Overnight French Toast Casserole
Yield: 9-12 servings
So simple and completely mouthwatering, this economical, prep-ahead meal is easy enough for a weekend breakfast yet worthy of a holiday brunch.


  • 1/2 cup butter
  • 2/3 cup (132 grams) lightly packed brown sugar
  • 1/2 teaspoon cinnamon
  • 10 ounces day old white bread, cubed* (about 8 cups)
  • 6 large eggs
  • 1 1/2 cups milk (nonfat, 2%, whole, or almond all work well)
  • 1 teaspoon vanilla extract


  1. Melt the butter in a 9 x 13 baking pan.

    Sprinkle the brown sugar and cinnamon over the melted butter, and gently stir to combine.

    Evenly distribute the bread cubes over the brown sugar mixture.

    In a mixing bowl, whisk the eggs with the milk until well blended. Stir in the vanilla.

    Pour the milk mixture over the bread. Gently press down on the bread or turn the pieces so they are all at least lightly moistened.

    Cover and refrigerate overnight.

    When ready to bake, place the casserole on the counter while the oven preheats to 350 degrees F. Bake, uncovered, for 40 minutes or until the casserole is set in the middle and golden brown on top.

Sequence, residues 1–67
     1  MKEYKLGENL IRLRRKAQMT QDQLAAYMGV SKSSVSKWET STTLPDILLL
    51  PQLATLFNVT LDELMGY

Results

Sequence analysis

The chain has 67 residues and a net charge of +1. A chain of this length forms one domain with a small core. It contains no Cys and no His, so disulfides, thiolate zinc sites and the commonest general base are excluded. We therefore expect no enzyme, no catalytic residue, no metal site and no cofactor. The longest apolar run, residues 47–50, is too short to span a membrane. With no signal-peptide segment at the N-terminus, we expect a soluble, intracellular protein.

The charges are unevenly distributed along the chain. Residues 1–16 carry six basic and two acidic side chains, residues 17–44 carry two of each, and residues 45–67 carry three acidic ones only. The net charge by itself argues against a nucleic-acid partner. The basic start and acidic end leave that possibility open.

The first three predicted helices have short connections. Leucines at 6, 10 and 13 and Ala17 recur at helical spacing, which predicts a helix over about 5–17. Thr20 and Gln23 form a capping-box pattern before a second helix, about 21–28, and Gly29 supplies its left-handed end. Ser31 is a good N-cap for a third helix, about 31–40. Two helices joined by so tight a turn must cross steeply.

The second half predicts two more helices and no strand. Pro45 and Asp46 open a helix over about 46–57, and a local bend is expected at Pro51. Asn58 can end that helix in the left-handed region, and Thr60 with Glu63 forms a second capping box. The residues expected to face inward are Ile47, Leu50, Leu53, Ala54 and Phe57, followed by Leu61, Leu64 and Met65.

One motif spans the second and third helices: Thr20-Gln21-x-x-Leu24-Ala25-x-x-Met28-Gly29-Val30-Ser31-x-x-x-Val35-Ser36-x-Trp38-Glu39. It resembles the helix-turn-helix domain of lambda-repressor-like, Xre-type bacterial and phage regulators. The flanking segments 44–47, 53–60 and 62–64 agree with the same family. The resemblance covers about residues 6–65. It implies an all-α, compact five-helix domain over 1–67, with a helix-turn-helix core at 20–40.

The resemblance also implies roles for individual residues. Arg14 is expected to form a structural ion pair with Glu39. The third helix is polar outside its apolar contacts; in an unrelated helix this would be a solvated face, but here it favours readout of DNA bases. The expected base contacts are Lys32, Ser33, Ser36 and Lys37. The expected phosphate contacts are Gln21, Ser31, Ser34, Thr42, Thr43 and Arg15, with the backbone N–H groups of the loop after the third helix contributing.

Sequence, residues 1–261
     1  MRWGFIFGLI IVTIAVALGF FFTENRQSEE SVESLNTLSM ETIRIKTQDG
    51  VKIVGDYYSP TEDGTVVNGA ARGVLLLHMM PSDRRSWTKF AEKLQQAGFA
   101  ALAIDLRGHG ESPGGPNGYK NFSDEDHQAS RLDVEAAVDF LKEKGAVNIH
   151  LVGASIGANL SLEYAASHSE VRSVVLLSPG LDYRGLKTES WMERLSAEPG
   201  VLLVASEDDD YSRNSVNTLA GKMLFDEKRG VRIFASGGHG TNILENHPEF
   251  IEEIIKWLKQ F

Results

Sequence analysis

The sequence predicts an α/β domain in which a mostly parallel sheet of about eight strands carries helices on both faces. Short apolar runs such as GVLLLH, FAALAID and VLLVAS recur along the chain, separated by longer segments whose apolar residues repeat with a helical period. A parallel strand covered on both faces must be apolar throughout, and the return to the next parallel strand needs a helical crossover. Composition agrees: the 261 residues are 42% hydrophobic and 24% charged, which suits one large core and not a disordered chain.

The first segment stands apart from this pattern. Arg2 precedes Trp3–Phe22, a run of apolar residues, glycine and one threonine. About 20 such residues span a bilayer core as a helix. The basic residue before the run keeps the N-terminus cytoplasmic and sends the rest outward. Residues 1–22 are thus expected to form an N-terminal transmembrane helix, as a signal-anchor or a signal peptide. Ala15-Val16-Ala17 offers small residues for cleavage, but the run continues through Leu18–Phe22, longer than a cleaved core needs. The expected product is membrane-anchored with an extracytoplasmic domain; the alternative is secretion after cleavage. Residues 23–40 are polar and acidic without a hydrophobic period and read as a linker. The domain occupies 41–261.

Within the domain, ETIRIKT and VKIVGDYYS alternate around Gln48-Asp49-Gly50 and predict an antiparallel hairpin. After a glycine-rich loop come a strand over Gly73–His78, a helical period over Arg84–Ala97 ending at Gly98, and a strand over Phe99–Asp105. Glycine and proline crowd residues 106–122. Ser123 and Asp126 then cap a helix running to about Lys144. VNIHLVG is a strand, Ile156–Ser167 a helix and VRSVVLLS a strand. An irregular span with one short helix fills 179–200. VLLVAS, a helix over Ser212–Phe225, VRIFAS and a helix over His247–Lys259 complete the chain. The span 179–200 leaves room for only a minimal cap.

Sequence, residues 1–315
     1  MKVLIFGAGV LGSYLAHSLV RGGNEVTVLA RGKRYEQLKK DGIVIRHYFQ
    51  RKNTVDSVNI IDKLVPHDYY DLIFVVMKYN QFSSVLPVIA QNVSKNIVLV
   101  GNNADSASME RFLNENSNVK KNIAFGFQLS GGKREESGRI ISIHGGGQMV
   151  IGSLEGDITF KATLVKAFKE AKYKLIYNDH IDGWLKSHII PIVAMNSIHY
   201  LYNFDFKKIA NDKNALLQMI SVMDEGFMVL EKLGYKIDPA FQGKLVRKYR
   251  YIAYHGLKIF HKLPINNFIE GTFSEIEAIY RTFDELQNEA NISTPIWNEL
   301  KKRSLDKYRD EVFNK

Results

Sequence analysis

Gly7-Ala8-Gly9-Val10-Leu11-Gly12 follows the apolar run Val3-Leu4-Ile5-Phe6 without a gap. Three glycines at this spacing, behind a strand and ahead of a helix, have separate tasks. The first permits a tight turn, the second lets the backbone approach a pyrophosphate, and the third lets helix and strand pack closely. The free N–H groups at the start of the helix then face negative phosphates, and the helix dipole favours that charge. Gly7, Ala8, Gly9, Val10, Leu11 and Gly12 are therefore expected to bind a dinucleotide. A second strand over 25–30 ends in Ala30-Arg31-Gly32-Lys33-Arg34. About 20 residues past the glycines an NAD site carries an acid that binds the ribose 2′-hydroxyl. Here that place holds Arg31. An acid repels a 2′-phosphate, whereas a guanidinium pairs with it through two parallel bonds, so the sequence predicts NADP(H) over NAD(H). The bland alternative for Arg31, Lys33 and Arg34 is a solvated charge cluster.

Serve warm with a side of fruit, bacon, sausage, etc.


Notes & Tips

*Bread options: Pepperidge Farm classic white bread (not the thin slices) is a good option. Ten ounces of this variety is about 12 slices, including the crusts. Weight per slice does vary based on bread used, so I’ve provided several ways of measuring.  For a gluten-free option, Udi’s white bread is excellent. The structure of white bread (whether gluten-free or regular) is sturdier than whole wheat varieties, which tend to become mushy in this type of recipe. Feel free to use another bread with which you’ve had French toast success, like French or challah.

Slightly stale or dried out bread works especially well. When using fresh bread, I like to toast and cool it first or simply leave the slices on the counter for several hours before assembling the casserole. You can also cube the bread several days in advance and store in an airtight container—or freeze leftover odds and ends until ready to use.

I like to cut the pieces into roughly one-inch cubes. There is no need to remove the crusts and end pieces of the loaf may be used. (I think the crusty pieces enhance the overall texture.)

More recipes at FountainAvenueKitchen.com